3  The Causes of the Scientific Revolution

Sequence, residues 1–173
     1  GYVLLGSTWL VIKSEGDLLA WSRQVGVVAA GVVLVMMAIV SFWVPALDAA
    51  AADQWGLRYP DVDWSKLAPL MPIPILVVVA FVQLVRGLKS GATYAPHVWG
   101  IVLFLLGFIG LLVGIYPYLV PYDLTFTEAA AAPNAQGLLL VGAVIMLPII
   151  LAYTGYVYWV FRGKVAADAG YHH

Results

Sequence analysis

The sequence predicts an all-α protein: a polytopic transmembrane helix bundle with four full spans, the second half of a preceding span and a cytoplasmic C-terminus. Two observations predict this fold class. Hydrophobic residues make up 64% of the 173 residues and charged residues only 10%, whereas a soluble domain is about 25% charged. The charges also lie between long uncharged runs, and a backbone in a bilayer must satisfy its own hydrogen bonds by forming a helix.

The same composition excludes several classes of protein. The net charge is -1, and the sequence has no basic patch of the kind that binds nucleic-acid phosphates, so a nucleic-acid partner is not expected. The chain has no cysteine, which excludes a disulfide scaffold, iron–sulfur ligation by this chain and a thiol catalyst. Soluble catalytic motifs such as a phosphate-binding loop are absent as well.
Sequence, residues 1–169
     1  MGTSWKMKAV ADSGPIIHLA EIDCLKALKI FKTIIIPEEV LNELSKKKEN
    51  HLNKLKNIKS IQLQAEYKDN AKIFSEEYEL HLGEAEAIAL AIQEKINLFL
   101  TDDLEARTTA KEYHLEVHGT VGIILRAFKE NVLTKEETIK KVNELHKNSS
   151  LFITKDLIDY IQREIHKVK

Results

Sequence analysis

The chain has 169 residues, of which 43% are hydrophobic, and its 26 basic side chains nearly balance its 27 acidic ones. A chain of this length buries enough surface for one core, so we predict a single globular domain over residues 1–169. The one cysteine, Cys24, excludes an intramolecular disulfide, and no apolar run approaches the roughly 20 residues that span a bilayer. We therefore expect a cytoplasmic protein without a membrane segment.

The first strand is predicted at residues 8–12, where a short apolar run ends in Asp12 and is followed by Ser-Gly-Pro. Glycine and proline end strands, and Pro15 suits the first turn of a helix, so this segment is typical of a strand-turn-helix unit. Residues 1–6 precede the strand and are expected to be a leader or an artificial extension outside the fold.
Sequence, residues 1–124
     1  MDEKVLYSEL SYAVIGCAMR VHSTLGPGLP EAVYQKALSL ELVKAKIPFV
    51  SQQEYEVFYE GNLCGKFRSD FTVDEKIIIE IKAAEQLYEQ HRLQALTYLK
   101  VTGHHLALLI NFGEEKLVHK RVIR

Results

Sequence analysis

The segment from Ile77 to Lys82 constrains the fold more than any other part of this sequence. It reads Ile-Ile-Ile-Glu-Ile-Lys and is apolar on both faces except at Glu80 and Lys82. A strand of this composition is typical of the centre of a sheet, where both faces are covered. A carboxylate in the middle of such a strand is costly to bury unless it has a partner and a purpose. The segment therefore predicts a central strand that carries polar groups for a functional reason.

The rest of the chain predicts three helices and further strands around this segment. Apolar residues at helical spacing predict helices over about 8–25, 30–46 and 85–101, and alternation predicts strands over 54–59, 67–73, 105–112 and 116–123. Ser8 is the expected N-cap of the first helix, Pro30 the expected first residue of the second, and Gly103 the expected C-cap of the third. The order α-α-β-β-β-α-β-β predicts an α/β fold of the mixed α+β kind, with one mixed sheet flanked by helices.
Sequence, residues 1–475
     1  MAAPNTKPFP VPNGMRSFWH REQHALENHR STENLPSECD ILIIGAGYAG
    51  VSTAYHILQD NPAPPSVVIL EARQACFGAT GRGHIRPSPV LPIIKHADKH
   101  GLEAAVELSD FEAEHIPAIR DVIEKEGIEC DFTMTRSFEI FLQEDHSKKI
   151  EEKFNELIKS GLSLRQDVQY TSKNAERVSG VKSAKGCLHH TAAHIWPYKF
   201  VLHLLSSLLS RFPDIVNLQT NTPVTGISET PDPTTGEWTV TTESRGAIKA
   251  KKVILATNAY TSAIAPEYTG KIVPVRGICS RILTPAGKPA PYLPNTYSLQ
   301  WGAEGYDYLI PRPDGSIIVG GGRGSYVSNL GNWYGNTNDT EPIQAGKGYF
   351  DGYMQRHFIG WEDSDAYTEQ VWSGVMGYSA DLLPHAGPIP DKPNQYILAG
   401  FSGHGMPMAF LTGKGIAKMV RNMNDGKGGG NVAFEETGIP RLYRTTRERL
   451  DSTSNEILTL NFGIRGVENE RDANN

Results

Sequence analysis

3 The Causes of the Scientific Revolution 3.1 Scientific Revolution: Definition and Background The concept of “Scientific Revolution” has in general an imprecise temporal limitation, ranging from the publication of Nicolaus Copernicus’ De revolutionibus in 1543 to that of Isaac Newton’s Principia philosophiae naturalis in 1687. It is possible to find a turning point at the turn of the sixteenth and seventeenth centuries. As Bauer et al. (1988a, b, p. 211) states: “[…] the seventeenth century saw the birth in Western Europe of a new science, which was to develop in the following centuries and gradually spread throughout the world.” The application of mathematics as the language par excellence of science, developments in dynamics, optics, chemistry, the discovery of electrical and magnetic phenomena, the birth of microscopic anatomy and plant physiology, among others, and the appearance of the first scientific treatises in vernacular languages, mark a clear difference with previous developments. Therefore, in the seventeenth century there is a perceptible acceleration of change together with an impact of scientific activity in other areas: conflicts with the ecclesiastical hierarchy, a new relationship with various centres of power, especially in France, the foundation of scientific academies and journals that allowed the rapid dissemination of new discoveries, the multiplicity of places in which the barriers of knowledge are broken, the large number of scientists, the variety of disciplines involved (not only astronomy and geography). The change, therefore, reaches all levels of the most cultured society. This evolution will continue and during the eighteenth century all layers of society and all means of production will be affected. However, these transformations in the way of interpreting the world, these new scientific disciplines rest, as Newton said paraphrasing Bernard of Chartes, on the shoulders of giants,90 although not only of them. Certainly the incessant flow of books from the Hispanic kingdoms and from the Byzantine Empire had revitalized the intellectual life of the West, especially from the Renaissance of the twelfth century onwards (Haskins 1928, p.  11; Briffault 1928, pp.  188–191; Goitein 1963, 217–233; Cloud 2007, pp. 309, 341). It has already described the great figures who took advantage of this wealth of knowledge that flowed from the past to expand intellectual horizons, in a small number of cases even beyond what the Greco-­ Roman scholars had achieved. However, geography was where the knowledge of the ancients was largely surpassed. Iberian discoveries in the Atlantic, supplemented to a lesser extent by overland travellers in the interior of Africa and Asia, showed a much more complex world. Ptolemy‘s Geographia, rediscovered for Europe at about the same time, was largely superseded although it continued to be imitated  The original phrase of Bernard of Chartes would be “nanos gigantum humeris insidentes”, according to John of Salisbury, in Metalogicon, 1156 (MacGarry (ed.), 1955, p. 167). However, Eco affirms that its origin goes back to Priscillian (c. 500  CE), according to a testimony of Guillaume de Conches (1080/1090–1145/1150). Merton (1993), with foreword by Umberto Eco, p. XIV. 90